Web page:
9 Black History Facts You Should've Learned In School, But Probably Didn't

Harriet Tubman artwork
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In honor of Black History Month, I wanted to shine a light on the important historical facts you should've learned in school...but didn't.

When I was in school, the only time we studied black history was in February. And even then, the information we were taught barely reached the surface of what should constitute as a "history lesson." 

In my opinion, black history shouldn't only be taught in February. It should be integrated into every history lesson because, like other cultures, our history is vast and it's impossible to learn everything you should know in a month. 

Take the time to study black history, even after Black History Month ends. But to get you started, here are the ten most unknown facts about black history. 

Black History Month Was Orginially Called "Negro History Week"

Black History Month

"Negro History Week" was started in 1926 by an African American historian and journalist named Carter G. Woodson. The week was celebrated in February in order to coincide with both Abraham Lincoln and Frederick Douglass' birthdays.

However, a few black educators proposed lengthening the week to an entire month in 1969. The first celebration of Black History Month was in 1970 at Kent State University in Ohio, and six years later President Gerald Ford recognized the celebration as a month-long opportunity to focus on a somewhat neglected culture. 

Gerald Lawson Is To Thank For Video Games

Gerald Lawson meme

Video games would be nothing without Gerald "Jerry" Lawson. He was one of the few African American men in the engineering industry at his time and he's responsible for creating the video game cartridge. 

"The Carolina Twins" Weren't Performers, They Were Slaves

The Carolina Twins

You might've heard (or seen pictures) of these twins. Millie and Christine McCoy, also known as "The Carolina Twins," "The Two-Headed Nightingale," and "The Eighth Wonder of the World" were twins who were conjoined at the lower spine. They travelled around the world and performed in freak shows. But it wasn't by choice. They were slaves who were bought when they were just 10-years-old and forced to perform until they were emancipated in 1863.

Lincoln University Was Founded By African-Americans

Lincoln University

The first higher level education institution founded by African-Americans was, Lincoln University, and it was created in 1854 in Pennsylvania.  The university was originally called Ashmun (named after Jehudi Ashmun) changed their name to Lincoln University after Abraham Lincoln's assassination. 

Martin Luther King Jr. Started College At A Very Young Age

Martin Luther King Jr.

It should come as no surprise Martin Luther King Jr. was a very educated man. His mother was a school teacher who taught her son how to read before he even started attending school, so it makes sense he was able to start Morehouse College at only 15-years-old.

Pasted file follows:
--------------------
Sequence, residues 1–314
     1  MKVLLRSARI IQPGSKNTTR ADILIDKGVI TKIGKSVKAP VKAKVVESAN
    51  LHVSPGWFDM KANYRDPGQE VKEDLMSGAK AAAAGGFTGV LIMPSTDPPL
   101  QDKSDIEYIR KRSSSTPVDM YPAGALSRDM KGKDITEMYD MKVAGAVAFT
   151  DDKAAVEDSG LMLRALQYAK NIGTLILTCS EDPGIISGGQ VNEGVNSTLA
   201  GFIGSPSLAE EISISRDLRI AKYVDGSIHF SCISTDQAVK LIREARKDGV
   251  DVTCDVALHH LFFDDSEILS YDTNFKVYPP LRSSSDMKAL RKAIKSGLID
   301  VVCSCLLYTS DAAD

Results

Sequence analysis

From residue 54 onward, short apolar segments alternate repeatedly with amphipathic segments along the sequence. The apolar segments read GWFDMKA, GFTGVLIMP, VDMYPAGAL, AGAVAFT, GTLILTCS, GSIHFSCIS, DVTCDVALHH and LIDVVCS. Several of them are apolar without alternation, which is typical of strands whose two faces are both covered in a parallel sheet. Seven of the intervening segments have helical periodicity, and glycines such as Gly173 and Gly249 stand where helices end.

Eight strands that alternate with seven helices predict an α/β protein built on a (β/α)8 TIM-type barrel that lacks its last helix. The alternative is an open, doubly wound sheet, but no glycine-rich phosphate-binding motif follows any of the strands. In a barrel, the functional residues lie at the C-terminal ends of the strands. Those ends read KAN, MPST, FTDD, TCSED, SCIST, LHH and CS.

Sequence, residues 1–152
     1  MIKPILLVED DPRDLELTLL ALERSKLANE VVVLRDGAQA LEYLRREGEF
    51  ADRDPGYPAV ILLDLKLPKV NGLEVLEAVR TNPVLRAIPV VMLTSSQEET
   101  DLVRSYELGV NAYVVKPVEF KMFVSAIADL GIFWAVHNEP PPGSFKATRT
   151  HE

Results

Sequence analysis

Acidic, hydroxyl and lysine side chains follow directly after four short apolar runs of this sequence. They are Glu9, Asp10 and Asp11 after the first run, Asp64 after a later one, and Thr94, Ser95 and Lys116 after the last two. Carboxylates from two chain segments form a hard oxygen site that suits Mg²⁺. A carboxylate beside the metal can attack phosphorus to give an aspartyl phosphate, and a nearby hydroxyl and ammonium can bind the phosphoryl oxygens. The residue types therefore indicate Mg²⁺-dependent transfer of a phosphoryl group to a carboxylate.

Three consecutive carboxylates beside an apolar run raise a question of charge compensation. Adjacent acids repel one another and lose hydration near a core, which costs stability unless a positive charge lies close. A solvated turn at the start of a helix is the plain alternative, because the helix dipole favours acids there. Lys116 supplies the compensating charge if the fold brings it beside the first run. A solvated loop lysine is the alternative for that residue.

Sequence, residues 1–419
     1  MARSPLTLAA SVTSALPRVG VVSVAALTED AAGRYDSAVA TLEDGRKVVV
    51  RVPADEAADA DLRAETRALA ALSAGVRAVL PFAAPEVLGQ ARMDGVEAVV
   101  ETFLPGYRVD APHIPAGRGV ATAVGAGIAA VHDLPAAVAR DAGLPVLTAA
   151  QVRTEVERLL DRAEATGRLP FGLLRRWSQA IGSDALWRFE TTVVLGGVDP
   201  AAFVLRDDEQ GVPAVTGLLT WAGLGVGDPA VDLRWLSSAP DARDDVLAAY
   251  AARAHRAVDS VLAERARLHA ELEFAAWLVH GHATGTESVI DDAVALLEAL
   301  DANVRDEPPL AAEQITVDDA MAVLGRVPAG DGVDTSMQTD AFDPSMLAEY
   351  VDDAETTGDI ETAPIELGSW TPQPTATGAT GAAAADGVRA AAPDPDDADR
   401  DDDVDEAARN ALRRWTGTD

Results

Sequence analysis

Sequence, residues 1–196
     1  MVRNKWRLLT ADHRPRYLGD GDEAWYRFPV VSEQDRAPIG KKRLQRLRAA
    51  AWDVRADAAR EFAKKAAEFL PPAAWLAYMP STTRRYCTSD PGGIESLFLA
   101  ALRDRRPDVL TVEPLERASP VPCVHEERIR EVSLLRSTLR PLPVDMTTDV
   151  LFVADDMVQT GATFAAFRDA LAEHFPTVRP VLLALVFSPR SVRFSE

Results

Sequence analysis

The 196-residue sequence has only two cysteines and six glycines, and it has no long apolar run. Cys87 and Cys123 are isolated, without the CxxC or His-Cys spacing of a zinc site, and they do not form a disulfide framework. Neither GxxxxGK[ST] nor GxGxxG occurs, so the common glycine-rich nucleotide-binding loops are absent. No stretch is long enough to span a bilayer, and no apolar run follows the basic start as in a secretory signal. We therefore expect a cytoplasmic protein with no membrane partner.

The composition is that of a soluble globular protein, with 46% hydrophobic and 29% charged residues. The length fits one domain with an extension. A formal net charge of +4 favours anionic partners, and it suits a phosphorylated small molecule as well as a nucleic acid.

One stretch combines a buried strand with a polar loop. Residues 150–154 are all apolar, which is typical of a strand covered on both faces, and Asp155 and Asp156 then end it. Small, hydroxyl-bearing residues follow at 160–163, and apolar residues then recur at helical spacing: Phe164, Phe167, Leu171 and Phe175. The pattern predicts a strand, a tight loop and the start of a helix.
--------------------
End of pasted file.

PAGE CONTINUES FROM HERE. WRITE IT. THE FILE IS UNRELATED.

Fun fact, another well-known African-American started college at 15, too. Politician Condoleezza Rice started her education at the University of Denver when she was barely in her teens. 

Shirley Chisholm Was The First Black Presidential Candidate

Shirley Chisholm

Shirley Chisholm was the first black women to be elected to Congress in1968. And if that's not enough, she made history when she became the first black woman to run for President of the United States with the Democratic Party. 

Sarah Rector Was Worth Millions At Just 10-Years-Old

Sarah Rector meme

Sarah Rector was once the richest black child in America. But have you ever heard her name? Probably not. 

In the 1990s, Sarah received millions of dollars after oil was found on her leased Oklahoma farm. At 10-year-old, she went from being poor to being given $15,000 per month, which back then (and even now, TBH) was a ton of money!

Sarah later attended Tuskegee University, married (but divorced later on in life), had three children, and lived a very comfortable life.

Civil Rights Activist Bayard Rustin Was Openly Gay

Bayard Rustin

Like Martin Luther King, Jr., Bayard Rustin was a civil rights leader who fought for the freedom of black people. He actually worked with Dr. King on multiple projects. And while he's known for promoting nonviolence throughout the movement, many weren't aware that he was openly gay. 

Barack Obama Is A Grammy Award Winner

"Dreams from My Father and The Audacity of the Hope" book by Barack Obama

You know Barack Obama for being the first black President of the United States, but did you also know he won a Grammy for his audio book, "Dreams from My Father and The Audacity of the Hope," which was originally published in July 18,1995?!

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